第七卷商马第案件 第08章优待入席
大耳朵英语  http://www.bigear.cn  2007-07-23 00:16:59  【打印
CHAPTER VIII AN ENTRANCE BY FAVOR







Although he did not suspect the fact, the mayor of M. sur M. Enjoyed a sort of celebrity. For the space of seven years his reputation for virtue had filled the whole of Bas Boulonnais; it had eventually passed the confines of a small district and had been spread abroad through two or three neighboring departments. Besides the service which he had rendered to the chief town by resuscitating the black jet industry, there was not one out of the hundred and forty communes of the arrondissement of M. sur M. which was not indebted to him for some benefit. He had even at need contrived to aid and multiply the industries of other arrondissements. It was thus that he had, when occasion offered, supported with his credit and his funds the linen factory at Boulogne, the flax-spinning industry at Frevent, and the hydraulic manufacture of cloth at Boubers-sur-Canche. Everywhere the name of M. Madeleine was pronounced with veneration. Arras and Douai envied the happy little town of M. sur M. its mayor.



The Councillor of the Royal Court of Douai, who was presiding over this session of the Assizes at Arras, was acquainted, in common with the rest of the world, with this name which was so profoundly and universally honored. When the usher, discreetly opening the door which connected the council-chamber with the court-room, bent over the back of the President's arm-chair and handed him the paper on which was inscribed the line which we have just perused, adding: "The gentleman desires to be present at the trial," the President, with a quick and deferential movement, seized a pen and wrote a few words at the bottom of the paper and returned it to the usher, saying, "Admit him."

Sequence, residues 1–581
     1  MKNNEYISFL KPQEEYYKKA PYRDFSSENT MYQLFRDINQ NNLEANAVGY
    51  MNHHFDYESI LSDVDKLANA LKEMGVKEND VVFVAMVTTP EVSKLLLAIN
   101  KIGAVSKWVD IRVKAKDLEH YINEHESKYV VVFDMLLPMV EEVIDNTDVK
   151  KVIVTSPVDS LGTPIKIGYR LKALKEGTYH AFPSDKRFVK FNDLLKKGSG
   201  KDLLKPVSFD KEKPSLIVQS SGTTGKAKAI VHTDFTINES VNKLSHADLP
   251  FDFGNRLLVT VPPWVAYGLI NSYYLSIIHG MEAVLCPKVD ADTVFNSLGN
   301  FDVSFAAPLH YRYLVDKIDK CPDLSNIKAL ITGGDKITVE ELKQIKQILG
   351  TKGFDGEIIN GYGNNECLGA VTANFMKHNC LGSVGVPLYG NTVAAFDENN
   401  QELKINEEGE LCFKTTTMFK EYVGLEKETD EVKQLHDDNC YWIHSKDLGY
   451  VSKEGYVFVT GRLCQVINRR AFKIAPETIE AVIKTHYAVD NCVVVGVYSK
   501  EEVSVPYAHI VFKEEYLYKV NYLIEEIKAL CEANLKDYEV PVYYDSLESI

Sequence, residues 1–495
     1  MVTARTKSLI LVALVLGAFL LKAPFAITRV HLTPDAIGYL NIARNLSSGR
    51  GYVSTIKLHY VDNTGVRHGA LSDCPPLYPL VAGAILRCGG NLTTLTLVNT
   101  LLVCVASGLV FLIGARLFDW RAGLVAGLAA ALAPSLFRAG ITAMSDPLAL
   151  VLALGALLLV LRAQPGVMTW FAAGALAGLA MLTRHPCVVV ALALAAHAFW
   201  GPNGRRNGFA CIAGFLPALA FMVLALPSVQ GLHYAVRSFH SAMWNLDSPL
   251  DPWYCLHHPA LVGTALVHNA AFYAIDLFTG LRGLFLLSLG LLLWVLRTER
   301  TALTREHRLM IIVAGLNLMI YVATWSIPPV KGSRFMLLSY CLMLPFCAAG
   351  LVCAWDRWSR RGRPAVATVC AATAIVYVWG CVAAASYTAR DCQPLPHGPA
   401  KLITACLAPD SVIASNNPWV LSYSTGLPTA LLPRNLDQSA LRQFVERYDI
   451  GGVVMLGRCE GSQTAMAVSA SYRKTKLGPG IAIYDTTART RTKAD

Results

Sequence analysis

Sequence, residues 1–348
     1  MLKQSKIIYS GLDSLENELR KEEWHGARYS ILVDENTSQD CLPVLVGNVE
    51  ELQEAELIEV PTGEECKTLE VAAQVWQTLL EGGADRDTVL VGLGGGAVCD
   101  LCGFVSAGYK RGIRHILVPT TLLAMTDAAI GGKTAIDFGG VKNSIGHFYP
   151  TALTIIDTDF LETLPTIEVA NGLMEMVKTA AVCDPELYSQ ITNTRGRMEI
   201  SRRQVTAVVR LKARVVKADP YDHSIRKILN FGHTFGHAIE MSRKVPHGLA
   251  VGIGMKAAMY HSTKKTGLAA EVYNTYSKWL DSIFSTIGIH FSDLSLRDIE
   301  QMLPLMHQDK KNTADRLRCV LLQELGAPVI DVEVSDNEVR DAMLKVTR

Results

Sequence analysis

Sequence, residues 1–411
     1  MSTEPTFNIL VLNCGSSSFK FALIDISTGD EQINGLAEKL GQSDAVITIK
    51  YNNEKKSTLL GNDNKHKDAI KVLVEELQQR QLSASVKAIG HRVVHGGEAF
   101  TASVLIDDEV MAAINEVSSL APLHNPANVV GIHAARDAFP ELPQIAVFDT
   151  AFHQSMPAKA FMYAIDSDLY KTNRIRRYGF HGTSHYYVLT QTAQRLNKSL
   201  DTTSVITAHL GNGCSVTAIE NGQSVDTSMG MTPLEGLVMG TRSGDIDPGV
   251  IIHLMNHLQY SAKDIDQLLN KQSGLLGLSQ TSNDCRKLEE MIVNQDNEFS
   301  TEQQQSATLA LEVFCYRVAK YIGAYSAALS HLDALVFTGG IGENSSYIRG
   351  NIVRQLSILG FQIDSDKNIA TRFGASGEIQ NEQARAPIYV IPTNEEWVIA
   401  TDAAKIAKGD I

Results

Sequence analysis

The unhappy man whose history we are relating had remained near the door of the hall, in the same place and the same attitude in which the usher had left him. In the midst of his revery he heard some one saying to him, "Will Monsieur do me the honor to follow me?" It was the same usher who had turned his back upon him but a moment previously, and who was now bowing to the earth before him. At the same time, the usher handed him the paper. He unfolded it, and as he chanced to be near the light, he could read it.



"The President of the Court of Assizes presents his respects to M. Madeleine."



He crushed the paper in his hand as though those words contained for him a strange and bitter aftertaste.



He followed the usher.



A few minutes later he found himself alone in a sort of wainscoted cabinet of severe aspect, lighted by two wax candles, placed upon a table with a green cloth. The last words of the usher who had just quitted him still rang in his ears: "Monsieur, you are now in the council-chamber; you have only to turn the copper handle of yonder door, and you will find yourself in the court-room, behind the President's chair." These words were mingled in his thoughts with a vague memory of narrow corridors and dark staircases which he had recently traversed.